America’s libraries bring community to communities
When I was on the board of our local public library in Delray Beach, Florida, we had to justify our campaign for a new library to potential donors who wondered whether libraries were relevant anymore. With the Web available to most people in their homes, was our old model of public libraries obsolete?
We would point out that easy Web access from home was not yet universal. All 15 Internet computers in our 50-year old library were nearly always in use and often had a queue of people waiting. At the same time, circulation of books, especially current fiction, continued to slowly climb. Plus, the library provided a safe, (relatively) quiet refuge staffed with helpful librarians.
Fortunately we won out, and due to the generosity of many private donors as well as the enlightened support of several governmental groups, Delray Beach now has a magnificent new public library. It boasts 55 public-access computers and a computer lab where free computer classes are held. The circulation of books and DVDs is up some 15%, while the number of library visits has more than doubled. The seats in front of all the new, flat-screen computers are nearly always occupied.
Happily, Delray Beach is not unusual but typical of thousands of American towns that enjoy wonderful public libraries. In neighboring Boca Raton, a new library was just finished, which you might well be amazed by. I certainly was.
I had similar “wow” experiences when I visited the libraries in Memphis, Tennessee, and Evanston, Illinois; in Wellesley and Newton, Massachusetts, and Greenwich, Connecticut; and in California’s wine country. At the St. Helena Public Library in the Napa Valley, Lori and I perused rows upon rows of handsome binders containing wine labels—important reference books for wine makers designing new labels.
And I’m not even counting the deservedly famous metropolitan libraries in Boston, New York, Chicago, Los Angeles and Seattle.
More book than burgers…
Our country has thousands of small, humble libraries, too. Many of these are included in our national total of 16,543 (which, as the American Library Association likes to remind us, is more than the 13,727 McDonald’s). Nearly two-thirds of American adults have library cards. As a nation, we check out an average of more than 7 items per year for every citizen, totaling some 2 billion items.
For these benefits, we pay an average of $31 in taxes per year.
…but a small piece of the pie
When I travel, I make it a point to drop in at libraries, often to the exasperation of my family. But I find libraries superior to visitor centers. When it comes to information on their town, you can’t find a better source than the local librarians. In the scores of libraries I’ve visited, from Alaska to Arizona, I’ve also found free Internet access in every one, open stacks for browsing, and inviting places to sit and read.
The one limitation I notice most often is that all these benefits might be for naught, because the library is closed.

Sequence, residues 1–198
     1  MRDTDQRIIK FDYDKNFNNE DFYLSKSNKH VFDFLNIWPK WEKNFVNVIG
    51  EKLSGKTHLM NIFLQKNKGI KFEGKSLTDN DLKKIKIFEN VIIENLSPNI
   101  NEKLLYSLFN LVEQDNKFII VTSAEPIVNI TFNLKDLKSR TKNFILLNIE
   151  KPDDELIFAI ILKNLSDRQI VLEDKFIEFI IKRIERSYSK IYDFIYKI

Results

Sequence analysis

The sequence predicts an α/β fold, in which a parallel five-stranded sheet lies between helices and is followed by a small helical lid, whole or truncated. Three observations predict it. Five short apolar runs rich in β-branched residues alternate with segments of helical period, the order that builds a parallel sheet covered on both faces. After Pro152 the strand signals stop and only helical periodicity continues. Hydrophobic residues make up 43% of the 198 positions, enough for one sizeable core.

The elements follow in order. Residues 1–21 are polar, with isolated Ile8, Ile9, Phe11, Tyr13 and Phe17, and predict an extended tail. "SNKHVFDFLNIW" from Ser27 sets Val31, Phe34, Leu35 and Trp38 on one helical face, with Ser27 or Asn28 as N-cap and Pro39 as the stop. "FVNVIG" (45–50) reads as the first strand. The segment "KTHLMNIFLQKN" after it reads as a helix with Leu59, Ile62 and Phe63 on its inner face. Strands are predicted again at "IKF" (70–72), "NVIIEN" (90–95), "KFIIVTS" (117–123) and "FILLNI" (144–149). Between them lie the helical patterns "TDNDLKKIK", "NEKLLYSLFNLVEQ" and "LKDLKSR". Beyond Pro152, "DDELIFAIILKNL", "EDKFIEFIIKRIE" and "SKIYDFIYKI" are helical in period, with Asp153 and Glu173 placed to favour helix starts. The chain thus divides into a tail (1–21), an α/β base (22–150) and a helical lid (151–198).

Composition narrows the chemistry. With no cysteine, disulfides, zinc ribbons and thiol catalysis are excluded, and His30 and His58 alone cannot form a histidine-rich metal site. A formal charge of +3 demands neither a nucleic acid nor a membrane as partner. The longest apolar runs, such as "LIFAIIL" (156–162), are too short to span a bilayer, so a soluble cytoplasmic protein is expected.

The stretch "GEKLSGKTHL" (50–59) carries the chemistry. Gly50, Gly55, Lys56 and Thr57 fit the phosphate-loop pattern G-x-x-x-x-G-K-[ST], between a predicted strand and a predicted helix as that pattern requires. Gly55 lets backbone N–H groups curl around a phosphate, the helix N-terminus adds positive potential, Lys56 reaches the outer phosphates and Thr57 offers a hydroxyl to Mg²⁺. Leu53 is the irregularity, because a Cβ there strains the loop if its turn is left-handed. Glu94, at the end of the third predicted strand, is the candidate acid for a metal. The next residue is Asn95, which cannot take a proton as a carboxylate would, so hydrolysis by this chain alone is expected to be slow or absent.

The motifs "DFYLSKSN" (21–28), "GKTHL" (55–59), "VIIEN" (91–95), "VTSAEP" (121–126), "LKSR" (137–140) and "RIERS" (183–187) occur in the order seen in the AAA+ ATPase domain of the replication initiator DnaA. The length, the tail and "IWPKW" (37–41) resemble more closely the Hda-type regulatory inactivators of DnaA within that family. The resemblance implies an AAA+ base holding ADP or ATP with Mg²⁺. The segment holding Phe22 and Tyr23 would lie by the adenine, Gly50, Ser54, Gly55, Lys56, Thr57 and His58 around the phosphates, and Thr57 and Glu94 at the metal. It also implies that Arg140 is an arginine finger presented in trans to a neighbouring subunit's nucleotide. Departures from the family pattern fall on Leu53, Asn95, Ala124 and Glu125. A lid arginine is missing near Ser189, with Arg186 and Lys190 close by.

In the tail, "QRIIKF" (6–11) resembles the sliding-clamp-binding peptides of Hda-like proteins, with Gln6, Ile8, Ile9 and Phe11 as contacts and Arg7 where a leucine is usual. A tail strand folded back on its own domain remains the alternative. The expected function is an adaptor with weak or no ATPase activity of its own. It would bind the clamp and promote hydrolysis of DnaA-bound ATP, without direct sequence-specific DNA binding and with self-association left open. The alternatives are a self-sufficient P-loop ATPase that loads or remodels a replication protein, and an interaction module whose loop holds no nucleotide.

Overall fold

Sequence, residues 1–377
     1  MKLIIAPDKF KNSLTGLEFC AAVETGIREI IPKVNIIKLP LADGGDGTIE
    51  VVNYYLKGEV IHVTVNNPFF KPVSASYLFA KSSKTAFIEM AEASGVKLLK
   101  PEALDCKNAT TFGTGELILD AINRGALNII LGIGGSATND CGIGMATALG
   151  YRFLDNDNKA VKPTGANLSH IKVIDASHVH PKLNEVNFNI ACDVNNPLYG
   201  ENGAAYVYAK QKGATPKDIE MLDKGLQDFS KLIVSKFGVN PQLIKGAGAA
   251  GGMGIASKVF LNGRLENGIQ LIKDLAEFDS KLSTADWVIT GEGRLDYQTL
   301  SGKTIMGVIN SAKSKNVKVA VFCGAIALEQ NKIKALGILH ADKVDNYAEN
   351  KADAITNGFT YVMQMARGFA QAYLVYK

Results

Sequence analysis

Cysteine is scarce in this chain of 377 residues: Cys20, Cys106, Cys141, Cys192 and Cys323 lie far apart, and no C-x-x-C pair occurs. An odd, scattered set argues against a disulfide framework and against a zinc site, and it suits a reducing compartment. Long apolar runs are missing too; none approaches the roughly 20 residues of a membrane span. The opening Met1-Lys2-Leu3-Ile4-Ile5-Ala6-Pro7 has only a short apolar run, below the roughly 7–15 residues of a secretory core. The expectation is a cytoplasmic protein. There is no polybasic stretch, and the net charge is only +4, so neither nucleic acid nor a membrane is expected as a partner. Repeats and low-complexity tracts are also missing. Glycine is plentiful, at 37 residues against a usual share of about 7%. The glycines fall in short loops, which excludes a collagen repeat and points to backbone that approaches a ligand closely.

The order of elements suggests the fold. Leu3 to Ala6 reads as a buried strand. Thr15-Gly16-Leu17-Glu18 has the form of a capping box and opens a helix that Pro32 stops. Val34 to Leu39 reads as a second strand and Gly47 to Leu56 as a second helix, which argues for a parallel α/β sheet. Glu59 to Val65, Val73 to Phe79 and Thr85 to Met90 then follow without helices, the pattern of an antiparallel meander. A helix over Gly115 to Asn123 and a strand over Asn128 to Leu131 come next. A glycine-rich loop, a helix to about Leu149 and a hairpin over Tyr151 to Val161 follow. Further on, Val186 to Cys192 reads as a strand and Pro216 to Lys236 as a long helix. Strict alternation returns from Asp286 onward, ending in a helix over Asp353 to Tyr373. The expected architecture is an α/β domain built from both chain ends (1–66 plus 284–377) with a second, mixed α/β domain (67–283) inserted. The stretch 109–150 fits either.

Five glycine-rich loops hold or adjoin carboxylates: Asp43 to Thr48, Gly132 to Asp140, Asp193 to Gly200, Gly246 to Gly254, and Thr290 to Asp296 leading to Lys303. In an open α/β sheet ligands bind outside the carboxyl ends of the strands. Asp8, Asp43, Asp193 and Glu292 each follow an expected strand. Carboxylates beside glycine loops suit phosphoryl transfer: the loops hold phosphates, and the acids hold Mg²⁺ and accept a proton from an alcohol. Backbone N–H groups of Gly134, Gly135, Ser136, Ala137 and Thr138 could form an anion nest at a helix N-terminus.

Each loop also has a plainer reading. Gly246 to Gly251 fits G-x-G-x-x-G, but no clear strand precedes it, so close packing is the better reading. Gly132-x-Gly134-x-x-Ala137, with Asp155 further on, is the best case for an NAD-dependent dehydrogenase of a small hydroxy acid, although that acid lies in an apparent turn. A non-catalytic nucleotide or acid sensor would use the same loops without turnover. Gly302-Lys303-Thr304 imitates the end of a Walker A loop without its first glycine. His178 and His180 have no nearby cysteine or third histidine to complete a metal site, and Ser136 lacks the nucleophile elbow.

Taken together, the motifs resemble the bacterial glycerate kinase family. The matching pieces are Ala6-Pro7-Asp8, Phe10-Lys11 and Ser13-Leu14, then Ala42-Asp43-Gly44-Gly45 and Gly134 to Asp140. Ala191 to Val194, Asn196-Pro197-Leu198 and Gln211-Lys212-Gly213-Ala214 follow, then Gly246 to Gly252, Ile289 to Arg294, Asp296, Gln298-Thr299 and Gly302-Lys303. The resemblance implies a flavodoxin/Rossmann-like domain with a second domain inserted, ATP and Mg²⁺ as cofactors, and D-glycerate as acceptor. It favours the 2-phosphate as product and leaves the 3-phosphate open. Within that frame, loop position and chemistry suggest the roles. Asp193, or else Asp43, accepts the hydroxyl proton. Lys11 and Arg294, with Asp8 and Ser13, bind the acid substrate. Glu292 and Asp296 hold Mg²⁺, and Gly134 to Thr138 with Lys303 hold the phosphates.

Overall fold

Most municipalities struggle to fund the operating budgets for their libraries.When cutbacks occur, hours of operation are what suffer first—evenings go, then Sundays. Librarians and their friends have to struggle heroically every year for their slice of the public pie.
Cradles of learning and liberty
In the early days of our country, private libraries vied with the public model. We still have a few of the private ones, including The Library Company of Philadelphia and the Boston Athenaeum, but the tax-supported free model won out. The role of the library in helping new Americans—young people, old people, entrepreneurs and dreamers—continues to this day. Thousands of authors have testified how encountering their local public library was a pivotal event in their lives, and countless books have been written under the protective canopy of library ceilings.
Public libraries are where tens of thousands of Americans go weekly to engage in book discussions groups, to see screenings of classic films, and to hear authors and scholars lead discussions of literature and ideas. Many libraries host museum-quality traveling exhibitions.
One of the best things about American libraries are the librarians who work there. They are trained to help in an efficient, nonjudgmental way—both with difficult research questions and odd “reader’s advisory” questions, such as “What should my little brother read next?”
Moreover, librarians view themselves as professional protectors of our First Amendment. They throw themselves in the path of would-be book burners, and also in the path of government policies that impinge on the privacy of citizens to read what they want without anyone keeping track.
Since we can’t help but take all good things for granted, only by going outside of the United States can we begin to understand that we live in Library El Dorado. That is the subject of my next post, where we’ll take a quirky trip around the world, stopping at a few libraries.
Meantime, let me hear your thoughts on American libraries. What is your experience?
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For more on all that America’s libraries do, read the report of the American Public Library’s Public Programs Office.